The word dyslexia comes from the Greek words dys, meaning difficulty, and lexia, meaning language. Dyslexia is a specific learning disability that is neurological in origin. Dyslexia is not a result of lack of motivation, sensory impairment, inadequate instructional or environmental opportunities, or other limiting conditions, but may be made worse by these conditions. The National Institutes of Health estimates that 15 percent of the American population is affected by dyslexia. Other researchers estimate that one out of five, or 20 percent, of the American population has dyslexia. 

Dyslexia is characterized by difficulties with accurate and/or fluent word recognition and by poor spelling and decoding abilities. These difficulties typically result in problems with reading comprehension and reduced reading experience that can impede growth of vocabulary and background knowledge. (Definition from the National Institutes of Child Health and Human Development; adopted by the International Dyslexia Association). 

Although dyslexia is the result of a neurological difference, it is not an intellectual disability. Dyslexia is diagnosed in people of all levels of intelligence, average, above average, and highly gifted. In her book, Overcoming Dyslexia: A New and Complete Science-Based Program for Reading Problems at Any Level, Yale University's Dr. Sally Shaywitz describes what she calls the paradox of dyslexia:

…seemingly diverse symptoms-trouble reading, absolute terror of reading aloud, problems spelling, difficulties finding the right word, mispronouncing words, rote memory nightmares-represent the expression of a single, isolated weakness. At the same time you will learn that other intellectual abilities-thinking, reasoning, understanding-are untouched by dyslexia. This contrasting pattern produces the paradox of dyslexia: profound and persistent difficulties experienced by some very bright people in learning to read.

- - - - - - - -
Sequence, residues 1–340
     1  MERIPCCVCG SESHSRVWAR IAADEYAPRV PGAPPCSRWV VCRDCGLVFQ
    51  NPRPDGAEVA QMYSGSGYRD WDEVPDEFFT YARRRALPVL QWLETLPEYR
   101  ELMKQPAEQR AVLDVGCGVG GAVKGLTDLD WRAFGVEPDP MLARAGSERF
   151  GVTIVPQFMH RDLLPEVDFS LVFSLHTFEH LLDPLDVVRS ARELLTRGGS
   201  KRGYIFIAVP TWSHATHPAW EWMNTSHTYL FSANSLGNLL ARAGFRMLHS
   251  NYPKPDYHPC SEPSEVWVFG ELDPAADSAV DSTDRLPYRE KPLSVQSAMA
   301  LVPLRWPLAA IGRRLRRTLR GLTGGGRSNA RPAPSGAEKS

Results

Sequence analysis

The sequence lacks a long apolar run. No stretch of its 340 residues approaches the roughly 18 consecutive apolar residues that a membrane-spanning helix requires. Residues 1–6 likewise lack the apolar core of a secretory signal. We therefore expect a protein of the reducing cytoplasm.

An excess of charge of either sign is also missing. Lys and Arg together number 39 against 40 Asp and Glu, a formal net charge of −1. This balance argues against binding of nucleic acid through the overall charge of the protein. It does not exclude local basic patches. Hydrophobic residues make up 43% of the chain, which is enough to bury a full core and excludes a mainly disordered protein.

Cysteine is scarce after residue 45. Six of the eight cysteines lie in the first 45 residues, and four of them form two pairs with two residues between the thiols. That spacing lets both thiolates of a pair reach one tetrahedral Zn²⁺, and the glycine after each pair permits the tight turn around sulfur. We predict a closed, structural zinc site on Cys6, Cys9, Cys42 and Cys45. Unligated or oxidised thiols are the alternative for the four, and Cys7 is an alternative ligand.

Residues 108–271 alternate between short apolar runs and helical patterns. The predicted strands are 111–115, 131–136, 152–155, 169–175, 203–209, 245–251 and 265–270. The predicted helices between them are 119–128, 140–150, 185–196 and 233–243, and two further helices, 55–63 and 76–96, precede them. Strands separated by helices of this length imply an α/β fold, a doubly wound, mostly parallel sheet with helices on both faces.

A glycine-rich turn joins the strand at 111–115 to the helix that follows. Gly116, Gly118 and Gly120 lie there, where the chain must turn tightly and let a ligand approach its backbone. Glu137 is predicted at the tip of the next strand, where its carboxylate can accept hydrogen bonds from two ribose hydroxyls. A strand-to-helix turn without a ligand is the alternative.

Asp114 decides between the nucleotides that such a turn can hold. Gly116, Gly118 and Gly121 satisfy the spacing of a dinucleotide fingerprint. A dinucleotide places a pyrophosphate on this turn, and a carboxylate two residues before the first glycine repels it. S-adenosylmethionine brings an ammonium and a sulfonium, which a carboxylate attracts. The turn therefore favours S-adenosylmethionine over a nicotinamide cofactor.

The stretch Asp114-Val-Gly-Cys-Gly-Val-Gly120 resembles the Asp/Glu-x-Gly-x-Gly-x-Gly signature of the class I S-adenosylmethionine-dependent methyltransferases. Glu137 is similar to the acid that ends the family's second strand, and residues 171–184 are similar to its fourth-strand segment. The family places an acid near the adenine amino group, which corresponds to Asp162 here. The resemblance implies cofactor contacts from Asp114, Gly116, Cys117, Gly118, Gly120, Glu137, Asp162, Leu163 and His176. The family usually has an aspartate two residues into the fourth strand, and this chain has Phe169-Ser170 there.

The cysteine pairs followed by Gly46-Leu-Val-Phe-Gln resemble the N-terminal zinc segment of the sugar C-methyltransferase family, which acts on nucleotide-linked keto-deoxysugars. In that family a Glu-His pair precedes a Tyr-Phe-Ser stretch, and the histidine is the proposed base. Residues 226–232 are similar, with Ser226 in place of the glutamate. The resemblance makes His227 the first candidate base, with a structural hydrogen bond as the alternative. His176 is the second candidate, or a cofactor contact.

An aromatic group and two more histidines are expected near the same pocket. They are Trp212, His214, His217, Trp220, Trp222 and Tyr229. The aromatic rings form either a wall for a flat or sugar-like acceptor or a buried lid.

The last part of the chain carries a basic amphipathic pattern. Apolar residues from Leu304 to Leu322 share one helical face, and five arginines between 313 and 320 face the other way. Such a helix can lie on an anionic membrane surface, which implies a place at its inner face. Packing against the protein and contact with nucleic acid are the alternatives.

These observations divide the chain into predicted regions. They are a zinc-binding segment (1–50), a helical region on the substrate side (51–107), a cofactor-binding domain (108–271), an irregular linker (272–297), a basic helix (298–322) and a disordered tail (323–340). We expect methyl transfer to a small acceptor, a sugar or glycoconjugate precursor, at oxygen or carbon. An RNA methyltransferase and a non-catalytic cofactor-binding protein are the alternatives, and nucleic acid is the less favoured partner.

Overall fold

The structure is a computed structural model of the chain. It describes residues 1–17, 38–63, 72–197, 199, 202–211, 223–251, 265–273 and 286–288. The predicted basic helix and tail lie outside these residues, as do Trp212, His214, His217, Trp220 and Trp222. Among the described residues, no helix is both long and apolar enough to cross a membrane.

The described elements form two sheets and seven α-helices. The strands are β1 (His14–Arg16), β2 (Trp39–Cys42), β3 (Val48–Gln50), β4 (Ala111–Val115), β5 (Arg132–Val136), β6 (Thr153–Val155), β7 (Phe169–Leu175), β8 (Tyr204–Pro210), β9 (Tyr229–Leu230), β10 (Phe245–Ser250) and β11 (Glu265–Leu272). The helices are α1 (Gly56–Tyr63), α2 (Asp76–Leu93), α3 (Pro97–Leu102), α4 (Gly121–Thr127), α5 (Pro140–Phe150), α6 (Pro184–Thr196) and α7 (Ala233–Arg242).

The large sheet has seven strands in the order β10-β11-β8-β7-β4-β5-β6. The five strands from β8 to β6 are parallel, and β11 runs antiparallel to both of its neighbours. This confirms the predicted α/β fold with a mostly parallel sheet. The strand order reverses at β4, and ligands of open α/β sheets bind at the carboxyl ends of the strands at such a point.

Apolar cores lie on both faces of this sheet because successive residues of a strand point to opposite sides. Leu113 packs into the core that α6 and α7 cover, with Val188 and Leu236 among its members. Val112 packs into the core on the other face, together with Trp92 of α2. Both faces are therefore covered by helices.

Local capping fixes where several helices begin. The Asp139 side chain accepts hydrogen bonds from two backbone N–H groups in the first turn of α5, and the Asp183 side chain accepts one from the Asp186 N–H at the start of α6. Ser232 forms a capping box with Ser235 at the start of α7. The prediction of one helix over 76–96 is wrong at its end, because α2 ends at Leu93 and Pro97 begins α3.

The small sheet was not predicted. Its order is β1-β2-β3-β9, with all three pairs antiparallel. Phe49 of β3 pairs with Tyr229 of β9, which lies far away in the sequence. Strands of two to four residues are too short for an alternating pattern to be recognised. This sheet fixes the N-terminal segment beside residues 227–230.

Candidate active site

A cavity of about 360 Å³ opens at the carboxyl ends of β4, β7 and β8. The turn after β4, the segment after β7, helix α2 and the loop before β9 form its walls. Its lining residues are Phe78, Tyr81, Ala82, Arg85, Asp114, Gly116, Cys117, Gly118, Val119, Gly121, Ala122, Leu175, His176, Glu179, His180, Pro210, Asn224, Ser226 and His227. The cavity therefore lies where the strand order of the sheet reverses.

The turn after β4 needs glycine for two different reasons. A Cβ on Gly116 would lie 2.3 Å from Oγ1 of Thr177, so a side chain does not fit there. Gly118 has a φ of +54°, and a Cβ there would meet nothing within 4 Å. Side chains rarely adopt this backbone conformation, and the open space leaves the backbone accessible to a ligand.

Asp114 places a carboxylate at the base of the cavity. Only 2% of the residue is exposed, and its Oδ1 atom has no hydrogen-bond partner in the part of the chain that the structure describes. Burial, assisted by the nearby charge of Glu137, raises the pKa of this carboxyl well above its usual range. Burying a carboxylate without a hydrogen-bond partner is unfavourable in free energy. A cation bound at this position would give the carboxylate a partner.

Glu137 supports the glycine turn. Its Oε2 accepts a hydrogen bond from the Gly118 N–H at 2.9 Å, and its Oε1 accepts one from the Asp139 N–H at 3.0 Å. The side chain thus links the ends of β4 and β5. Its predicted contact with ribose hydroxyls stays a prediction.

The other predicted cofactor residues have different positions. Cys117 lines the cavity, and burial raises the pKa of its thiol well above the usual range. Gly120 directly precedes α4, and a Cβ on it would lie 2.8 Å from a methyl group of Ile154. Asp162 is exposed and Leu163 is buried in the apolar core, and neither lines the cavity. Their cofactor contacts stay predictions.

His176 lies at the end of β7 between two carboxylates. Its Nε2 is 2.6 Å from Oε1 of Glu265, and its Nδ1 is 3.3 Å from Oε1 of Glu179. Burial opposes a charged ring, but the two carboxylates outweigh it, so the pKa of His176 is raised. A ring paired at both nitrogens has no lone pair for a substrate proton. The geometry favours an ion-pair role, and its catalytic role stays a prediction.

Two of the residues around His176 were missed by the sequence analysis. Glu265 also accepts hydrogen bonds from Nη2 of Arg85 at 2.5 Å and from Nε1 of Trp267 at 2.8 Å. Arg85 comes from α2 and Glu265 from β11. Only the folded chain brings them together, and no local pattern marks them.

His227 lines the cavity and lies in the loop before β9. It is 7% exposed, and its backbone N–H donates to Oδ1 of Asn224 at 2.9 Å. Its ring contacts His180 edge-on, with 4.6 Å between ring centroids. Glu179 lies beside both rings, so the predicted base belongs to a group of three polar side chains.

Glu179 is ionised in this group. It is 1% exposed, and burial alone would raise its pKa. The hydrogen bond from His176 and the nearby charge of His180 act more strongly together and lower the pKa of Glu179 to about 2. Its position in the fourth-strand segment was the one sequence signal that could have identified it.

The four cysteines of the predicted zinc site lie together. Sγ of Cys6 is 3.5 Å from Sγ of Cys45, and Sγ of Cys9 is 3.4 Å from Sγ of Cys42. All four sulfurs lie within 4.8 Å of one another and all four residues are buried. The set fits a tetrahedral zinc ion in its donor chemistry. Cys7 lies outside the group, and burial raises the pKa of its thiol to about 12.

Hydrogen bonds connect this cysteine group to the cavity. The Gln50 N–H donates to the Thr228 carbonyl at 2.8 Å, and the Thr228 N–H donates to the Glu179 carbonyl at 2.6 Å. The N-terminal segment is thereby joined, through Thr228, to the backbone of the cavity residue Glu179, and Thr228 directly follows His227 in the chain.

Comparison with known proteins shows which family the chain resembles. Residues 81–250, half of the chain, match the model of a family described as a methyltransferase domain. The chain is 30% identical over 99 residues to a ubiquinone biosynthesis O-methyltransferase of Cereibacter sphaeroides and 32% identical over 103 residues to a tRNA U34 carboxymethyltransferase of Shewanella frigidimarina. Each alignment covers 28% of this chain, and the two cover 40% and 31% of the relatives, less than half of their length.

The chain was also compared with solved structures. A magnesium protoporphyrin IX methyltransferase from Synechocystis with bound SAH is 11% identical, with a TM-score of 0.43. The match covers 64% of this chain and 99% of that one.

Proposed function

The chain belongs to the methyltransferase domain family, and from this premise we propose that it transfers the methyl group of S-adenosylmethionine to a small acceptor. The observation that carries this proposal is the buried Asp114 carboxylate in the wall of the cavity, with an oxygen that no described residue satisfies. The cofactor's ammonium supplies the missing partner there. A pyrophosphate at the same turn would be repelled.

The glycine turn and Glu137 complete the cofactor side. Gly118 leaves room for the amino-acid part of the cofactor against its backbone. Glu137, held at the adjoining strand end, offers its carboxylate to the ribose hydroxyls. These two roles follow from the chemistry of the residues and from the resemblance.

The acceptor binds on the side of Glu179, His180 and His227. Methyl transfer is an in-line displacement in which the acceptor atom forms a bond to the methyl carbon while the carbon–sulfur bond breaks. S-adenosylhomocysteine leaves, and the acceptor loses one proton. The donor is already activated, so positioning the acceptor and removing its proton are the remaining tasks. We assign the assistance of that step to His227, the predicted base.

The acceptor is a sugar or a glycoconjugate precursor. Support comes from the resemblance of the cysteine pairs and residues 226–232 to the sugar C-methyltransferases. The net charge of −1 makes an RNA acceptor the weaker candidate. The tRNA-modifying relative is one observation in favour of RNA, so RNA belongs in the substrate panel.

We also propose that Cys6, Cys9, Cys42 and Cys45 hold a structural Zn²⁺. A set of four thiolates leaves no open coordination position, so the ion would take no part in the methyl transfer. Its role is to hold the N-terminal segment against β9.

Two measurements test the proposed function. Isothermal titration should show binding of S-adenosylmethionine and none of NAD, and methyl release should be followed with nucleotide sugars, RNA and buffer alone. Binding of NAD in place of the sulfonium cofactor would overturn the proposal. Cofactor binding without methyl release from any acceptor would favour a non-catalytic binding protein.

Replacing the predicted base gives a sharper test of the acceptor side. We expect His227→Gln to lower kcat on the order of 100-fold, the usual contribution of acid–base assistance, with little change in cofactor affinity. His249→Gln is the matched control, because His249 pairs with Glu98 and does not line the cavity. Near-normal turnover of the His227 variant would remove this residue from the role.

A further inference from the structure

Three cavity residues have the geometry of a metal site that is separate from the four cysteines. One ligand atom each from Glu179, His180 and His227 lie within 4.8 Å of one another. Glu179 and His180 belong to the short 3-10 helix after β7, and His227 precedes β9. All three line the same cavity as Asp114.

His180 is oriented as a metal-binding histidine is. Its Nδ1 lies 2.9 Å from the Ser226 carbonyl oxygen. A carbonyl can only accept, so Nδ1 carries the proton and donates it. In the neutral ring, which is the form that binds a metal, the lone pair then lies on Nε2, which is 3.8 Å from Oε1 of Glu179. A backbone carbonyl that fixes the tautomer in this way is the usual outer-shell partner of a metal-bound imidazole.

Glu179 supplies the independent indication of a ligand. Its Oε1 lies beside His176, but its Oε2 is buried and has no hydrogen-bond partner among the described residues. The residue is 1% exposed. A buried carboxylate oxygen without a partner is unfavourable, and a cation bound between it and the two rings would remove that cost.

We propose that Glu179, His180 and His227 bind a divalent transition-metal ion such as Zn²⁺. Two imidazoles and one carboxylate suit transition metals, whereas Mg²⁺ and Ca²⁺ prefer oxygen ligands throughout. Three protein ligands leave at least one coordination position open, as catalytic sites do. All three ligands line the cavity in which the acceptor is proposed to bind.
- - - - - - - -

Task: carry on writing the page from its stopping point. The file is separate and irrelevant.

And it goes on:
(From Overcoming Dyslexiaby Sally Shaywitz, M.D.) 

The following two videos, created by Sun Prairie Cable Access, were filmed to increase dyslexia awareness. You will need Quicktime installed on your computer to view the video files. Download it for free here: www.apple.com/quicktime/download.

Living and Learning with Dyslexia: Hope and Possibilities
(Time 36:59)
Dr. Julie Goceyleads a panel discussion on dyslexia with Cheryl Ward (Wisconsin Branch of the International Dyslexia Association), Layla Coleman (Wisconsin Literacy, Inc.), Pam Heyde (Dyslexia Reading Therapist), and Margery Katz (Dyslexia Reading Therapist). The program covers a variety of topics including science-based, multi-sensory instruction for kids and adults; obstacles for identifying individuals with dyslexia; and lack of training of teachers. A college student with dyslexia shares strategies for academic success.

Straight Talk About Kids and Dyslexia
(Time: 29: 36)
Interviews with Pediatrician/ Clinical Assistant Professor (UW School of Medicine and Public Health) Julie Gocey and UW-Madison Professor of Psychology Mark Seidenbergon the basics of dyslexia. This program answers questions about which parents are most concerned. What is dyslexia? What are the causes? How is it treated? What works? How can I find effective instruction for my son/daughter? It's straight talk on a problem which affects 10 to 17.5% of children.